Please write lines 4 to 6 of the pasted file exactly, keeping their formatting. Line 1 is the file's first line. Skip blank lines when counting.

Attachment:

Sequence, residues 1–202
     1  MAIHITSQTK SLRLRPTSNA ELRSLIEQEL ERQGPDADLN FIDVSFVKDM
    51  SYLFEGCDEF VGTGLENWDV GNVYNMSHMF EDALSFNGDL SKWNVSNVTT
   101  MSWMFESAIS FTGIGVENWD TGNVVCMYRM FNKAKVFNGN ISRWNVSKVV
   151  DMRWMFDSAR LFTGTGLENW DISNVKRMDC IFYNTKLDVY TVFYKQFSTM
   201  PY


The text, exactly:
   101  MSWMFESAIS FTGIGVENWD TGNVVCMYRM FNKAKVFNGN ISRWNVSKVV
   151  DMRWMFDSAR LFTGTGLENW DISNVKRMDC IFYNTKLDVY TVFYKQFSTM
   201  PY